Now we don’t actually know what the Putin-Drump two and a quarter hour discussions comprised, as it was a closed-door session with the four principals and two translators, according to Pepe Escobar’s ‘Putin and Trump stage-manage a win-win meeting’; With a ceasefire in southwestern Syria in the works, meeting proves diplomacy beats demonization, July 8, atimes.com
He mentions the agreement on the multi-party enforced cease-fire in Southern Syria, but gives The Real Big Story, i.e., the Putin-Xi Jinping three days earlier in Moscow. You’ve likely read it by now, but the cheat sheet is this:
“Xi repeatedly extolled the “strategic alliance”, or “the fast-growing, pragmatic cooperation”, or even the “special character” of China’s ties with Russia.
Putin once again pledged to support the New Silk Roads, or One Belt, One Road initiative (Obor), “by all means”, which includes its interpenetration with the Eurasia Economic Union (EEU).
The Russian Direct Investment Fund and the China Development Bank established a joint $10 billion investment fund.”, and they apparently ‘kept discussing a military cooperation roadmap’.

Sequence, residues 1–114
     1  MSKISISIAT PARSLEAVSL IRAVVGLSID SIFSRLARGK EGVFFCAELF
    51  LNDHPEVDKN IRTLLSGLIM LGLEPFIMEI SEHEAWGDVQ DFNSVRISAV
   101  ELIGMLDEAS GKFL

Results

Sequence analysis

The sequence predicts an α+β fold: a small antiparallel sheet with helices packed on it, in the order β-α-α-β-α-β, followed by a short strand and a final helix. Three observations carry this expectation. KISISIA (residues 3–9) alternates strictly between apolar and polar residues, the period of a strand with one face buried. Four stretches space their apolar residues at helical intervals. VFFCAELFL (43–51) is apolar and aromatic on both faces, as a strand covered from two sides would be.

But interestingly, when Popular Resistance sent Escobar’s piece in their newsletter, part of it was this interview by ‘Putin Apologist’/s Russian expert Stephen Cohen. And fancy: Cohen can only get gigs with Tucker now? I can’t remember the last time Amy Goodman had him on. Tweety (of ‘Sarah Palin gives me a shiver uo my leg’ fame) goes full-tilt Roossia berzerk!
This one was on the right sidebar, an given the provocative title, his reasoning is nuanced and pretty durned sound, imo.
Scholar: Assault on Trump is greatest threat to our country, May 16, 2017
‘G20 is desperately trying to save a failed world order’, The G20 agenda utterly fails to break with the tired, broken free-market policies that brought devastation to our world, Nick Dearden, director of UK Global Justice Now, aljazeera.com
“We shouldn’t be fooled. The G20 agenda utterly fails to break with the tired, broken policies of the free market. In other words, those very policies which, by increasing inequality and devastating communities, turning everyone into a self-interested individual, have unwittingly given rise to the likes of Trump. And that’s to ignore the “Trumpism” in European politics – the barbaric immigration policy at Europe’s borders through which thousands of desperate migrants die in the Mediterranean every year.”